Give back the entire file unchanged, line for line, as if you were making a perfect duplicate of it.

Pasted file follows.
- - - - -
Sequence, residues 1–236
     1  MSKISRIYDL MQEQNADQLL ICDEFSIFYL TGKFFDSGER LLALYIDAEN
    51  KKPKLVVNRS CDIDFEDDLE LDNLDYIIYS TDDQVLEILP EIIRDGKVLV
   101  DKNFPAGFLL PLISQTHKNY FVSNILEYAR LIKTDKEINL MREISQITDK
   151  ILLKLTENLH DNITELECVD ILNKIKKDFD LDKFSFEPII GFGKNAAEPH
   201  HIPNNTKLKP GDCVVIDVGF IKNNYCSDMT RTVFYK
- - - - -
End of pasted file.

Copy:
Sequence, residues 1–236
     1  MSKISRIYDL MQEQNADQLL ICDEFSIFYL TGKFFDSGER LLALYIDAEN
    51  KKPKLVVNRS CDIDFEDDLE LDNLDYIIYS TDDQVLEILP EIIRDGKVLV
   101  DKNFPAGFLL PLISQTHKNY FVSNILEYAR LIKTDKEINL MREISQITDK
   151  ILLKLTENLH DNITELECVD ILNKIKKDFD LDKFSFEPII GFGKNAAEPH
   201  HIPNNTKLKP GDCVVIDVGF IKNNYCSDMT RTVFYK